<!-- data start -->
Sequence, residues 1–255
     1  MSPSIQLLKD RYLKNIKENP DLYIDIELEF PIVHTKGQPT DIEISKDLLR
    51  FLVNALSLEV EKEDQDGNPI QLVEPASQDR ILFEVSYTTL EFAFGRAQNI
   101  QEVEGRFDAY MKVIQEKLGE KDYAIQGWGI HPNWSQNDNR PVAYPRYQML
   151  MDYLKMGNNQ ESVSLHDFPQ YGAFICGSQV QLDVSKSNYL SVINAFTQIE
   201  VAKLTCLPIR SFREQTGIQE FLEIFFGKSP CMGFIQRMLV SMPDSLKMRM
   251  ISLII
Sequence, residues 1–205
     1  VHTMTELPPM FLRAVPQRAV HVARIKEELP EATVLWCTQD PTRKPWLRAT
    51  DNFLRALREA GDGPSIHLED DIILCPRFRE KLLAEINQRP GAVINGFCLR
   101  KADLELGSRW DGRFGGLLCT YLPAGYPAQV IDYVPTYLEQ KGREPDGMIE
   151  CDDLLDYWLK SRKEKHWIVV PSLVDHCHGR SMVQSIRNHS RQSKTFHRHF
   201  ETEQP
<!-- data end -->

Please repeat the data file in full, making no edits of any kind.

Sequence, residues 1–255
     1  MSPSIQLLKD RYLKNIKENP DLYIDIELEF PIVHTKGQPT DIEISKDLLR
    51  FLVNALSLEV EKEDQDGNPI QLVEPASQDR ILFEVSYTTL EFAFGRAQNI
   101  QEVEGRFDAY MKVIQEKLGE KDYAIQGWGI HPNWSQNDNR PVAYPRYQML
   151  MDYLKMGNNQ ESVSLHDFPQ YGAFICGSQV QLDVSKSNYL SVINAFTQIE
   201  VAKLTCLPIR SFREQTGIQE FLEIFFGKSP CMGFIQRMLV SMPDSLKMRM
   251  ISLII
Sequence, residues 1–205
     1  VHTMTELPPM FLRAVPQRAV HVARIKEELP EATVLWCTQD PTRKPWLRAT
    51  DNFLRALREA GDGPSIHLED DIILCPRFRE KLLAEINQRP GAVINGFCLR
   101  KADLELGSRW DGRFGGLLCT YLPAGYPAQV IDYVPTYLEQ KGREPDGMIE
   151  CDDLLDYWLK SRKEKHWIVV PSLVDHCHGR SMVQSIRNHS RQSKTFHRHF
   201  ETEQP